July 27, 2010

The ABCs of Curling - Y

illum_y is for Yellow, a common identifying colour for curling rocks. At one time, curlers owned their own rocks, and brought them to the rink for each game. Everybody's rocks were different, and one became familiar with the way one's rocks behaved on the ice. Different stones would go farther, or stop sooner. They might curl more, or less than other people's rocks. As the game evolved, and rules became more universally standardized, and clubs accquired their own buildings and facilities, privately owned rocks fell by the wayside. A friend of mine recently mentioned to me that he has one of his grandfather's old curling stones propping open a door in his house in St. Catherines.

The goal of any modern curling club is to have all of thier rocks behave the same way on the ice. In reality, that turns out to be something of an impossible dream. There are just too many variables involved, and miniscule variations in the texture of the running surface can result in dramatic differences in how far a rock will travel, or curl. Most icemakers will spend a not insignificant amount of time throwing all the rocks in the club, and trying to pair up - or 'match' - identically running rocks to make sets of eight that will be at least similar to each other during game play. This is an exhaustingly laborious undertaking, and as such, most clubs rocks will be matched in only the most rudimentary manner. And that doesn't even take into account the fact that a rock's behaviour might change over time as it's running surface wears.

At large national and international curling events being contested by the best teams in the world, exceptional care is taken to ensure the curlers are playing with the best possible rocks. The Canadian Curling Association keeps a set of top quality stones that they transport around the country for use at major CCA sanctioned events. Before, say, the Brier national championship, the stones will be carefully matched so the players can have the best possible experience on the ice. With all this care, the players still find minor differences between the rocks, and will often swap rocks around in throwing order based on how they believe they will behave under different circumstances. During the course of the week at one of these events, as teams play on each different sheet of ice, using each different set of rocks, they will meticulously chart the performance of the stones. Should they reach the finals, they will be allowed to select any of the rocks from across the rink to assemble a set of eight they like.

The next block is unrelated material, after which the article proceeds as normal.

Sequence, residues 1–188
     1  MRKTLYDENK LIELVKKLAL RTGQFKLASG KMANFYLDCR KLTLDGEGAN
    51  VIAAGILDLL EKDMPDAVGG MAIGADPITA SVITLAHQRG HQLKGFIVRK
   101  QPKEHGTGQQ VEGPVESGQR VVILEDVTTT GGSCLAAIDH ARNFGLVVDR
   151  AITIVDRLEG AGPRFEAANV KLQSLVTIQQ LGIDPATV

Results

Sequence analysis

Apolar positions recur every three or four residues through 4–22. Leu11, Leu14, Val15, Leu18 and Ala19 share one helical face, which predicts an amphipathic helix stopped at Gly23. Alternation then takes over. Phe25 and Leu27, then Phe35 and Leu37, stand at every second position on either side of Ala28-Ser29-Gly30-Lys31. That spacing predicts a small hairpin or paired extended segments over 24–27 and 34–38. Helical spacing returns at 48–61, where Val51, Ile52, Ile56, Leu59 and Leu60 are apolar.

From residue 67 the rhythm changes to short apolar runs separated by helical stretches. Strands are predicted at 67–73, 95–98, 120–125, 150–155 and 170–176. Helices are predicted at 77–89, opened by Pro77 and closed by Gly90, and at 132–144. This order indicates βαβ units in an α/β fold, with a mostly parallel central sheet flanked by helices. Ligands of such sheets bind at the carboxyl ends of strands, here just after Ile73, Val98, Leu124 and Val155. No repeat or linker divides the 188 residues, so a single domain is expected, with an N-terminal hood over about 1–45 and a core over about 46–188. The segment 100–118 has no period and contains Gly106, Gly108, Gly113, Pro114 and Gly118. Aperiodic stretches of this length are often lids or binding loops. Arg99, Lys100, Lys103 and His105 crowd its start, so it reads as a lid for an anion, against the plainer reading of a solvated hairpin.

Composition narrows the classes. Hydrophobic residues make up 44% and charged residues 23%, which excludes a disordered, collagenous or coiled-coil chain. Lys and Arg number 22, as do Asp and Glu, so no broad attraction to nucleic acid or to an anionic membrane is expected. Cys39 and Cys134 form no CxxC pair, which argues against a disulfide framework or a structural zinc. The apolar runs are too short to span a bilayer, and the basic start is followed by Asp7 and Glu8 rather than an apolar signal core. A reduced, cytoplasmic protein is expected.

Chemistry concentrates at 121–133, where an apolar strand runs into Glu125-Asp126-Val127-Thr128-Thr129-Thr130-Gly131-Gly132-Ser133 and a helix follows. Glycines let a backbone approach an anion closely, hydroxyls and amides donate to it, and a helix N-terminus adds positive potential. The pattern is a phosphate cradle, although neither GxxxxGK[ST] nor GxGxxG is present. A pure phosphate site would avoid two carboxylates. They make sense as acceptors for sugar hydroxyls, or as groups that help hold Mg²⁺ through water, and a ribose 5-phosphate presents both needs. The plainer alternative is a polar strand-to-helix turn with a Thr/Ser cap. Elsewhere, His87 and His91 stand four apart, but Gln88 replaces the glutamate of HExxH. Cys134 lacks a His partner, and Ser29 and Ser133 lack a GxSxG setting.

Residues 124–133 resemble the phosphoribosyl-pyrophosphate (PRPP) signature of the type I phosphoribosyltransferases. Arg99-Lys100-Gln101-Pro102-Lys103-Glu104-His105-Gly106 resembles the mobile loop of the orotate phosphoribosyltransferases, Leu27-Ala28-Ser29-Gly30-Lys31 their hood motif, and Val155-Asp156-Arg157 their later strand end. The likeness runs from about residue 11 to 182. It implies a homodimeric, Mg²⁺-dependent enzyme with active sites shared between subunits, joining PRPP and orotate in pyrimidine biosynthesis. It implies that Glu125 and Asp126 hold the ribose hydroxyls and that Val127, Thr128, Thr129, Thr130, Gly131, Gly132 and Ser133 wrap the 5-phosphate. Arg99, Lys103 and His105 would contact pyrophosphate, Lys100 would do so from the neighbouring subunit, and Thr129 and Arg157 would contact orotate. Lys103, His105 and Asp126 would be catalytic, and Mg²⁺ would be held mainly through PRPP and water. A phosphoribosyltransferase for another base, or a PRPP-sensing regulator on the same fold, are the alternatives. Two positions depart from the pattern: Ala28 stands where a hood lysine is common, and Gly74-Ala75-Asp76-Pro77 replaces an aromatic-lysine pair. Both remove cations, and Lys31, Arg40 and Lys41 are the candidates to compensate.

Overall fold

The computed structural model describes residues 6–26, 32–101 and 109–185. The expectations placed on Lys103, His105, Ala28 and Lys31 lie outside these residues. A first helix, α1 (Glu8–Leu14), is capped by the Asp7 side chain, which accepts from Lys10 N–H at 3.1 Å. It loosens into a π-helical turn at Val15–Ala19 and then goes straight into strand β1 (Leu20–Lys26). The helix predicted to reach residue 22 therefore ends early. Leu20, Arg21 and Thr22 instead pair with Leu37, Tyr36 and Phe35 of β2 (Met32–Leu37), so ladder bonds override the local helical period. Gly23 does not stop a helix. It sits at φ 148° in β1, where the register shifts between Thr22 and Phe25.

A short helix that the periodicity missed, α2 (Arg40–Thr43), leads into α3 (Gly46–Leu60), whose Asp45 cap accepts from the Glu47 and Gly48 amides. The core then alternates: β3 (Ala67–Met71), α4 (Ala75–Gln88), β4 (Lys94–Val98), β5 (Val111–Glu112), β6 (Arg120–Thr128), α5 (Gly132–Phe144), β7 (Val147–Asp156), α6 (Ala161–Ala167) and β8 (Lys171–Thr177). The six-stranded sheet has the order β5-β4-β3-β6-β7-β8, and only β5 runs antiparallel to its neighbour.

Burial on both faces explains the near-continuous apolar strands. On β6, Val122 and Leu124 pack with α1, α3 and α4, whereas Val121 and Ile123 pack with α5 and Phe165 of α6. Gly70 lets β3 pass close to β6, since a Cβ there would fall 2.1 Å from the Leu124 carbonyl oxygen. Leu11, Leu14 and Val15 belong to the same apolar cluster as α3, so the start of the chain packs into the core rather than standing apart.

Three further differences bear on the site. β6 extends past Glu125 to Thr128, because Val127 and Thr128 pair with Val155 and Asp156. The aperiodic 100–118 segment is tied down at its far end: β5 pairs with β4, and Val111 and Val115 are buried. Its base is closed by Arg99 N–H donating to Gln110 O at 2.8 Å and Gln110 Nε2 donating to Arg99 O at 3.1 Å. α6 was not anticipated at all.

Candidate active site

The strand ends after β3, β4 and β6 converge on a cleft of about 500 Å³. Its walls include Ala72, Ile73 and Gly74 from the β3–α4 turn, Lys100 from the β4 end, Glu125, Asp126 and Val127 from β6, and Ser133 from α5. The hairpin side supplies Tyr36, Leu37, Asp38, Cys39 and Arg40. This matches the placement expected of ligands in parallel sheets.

At most organised bonspiels, rock colour is preselected for the teams before they go on the ice. During regular in-club league play, however, the team who is throwing first as determined by the coin toss will usually select whether to throw blue or yellow rocks. Regular club curlers will often have their own opinions which colour rocks are better to choose on any given sheet based upon prior experience. Of course, during the off season, the rocks might be stored without handles, and reassembled in a different order the next year. Or, the running surfaces might be retextured at some point, which changes everything. Each team starts a new year in club curling having to suss out the rocks all over again before they come to a conclusion, like: "on ice two, don't take blue!"

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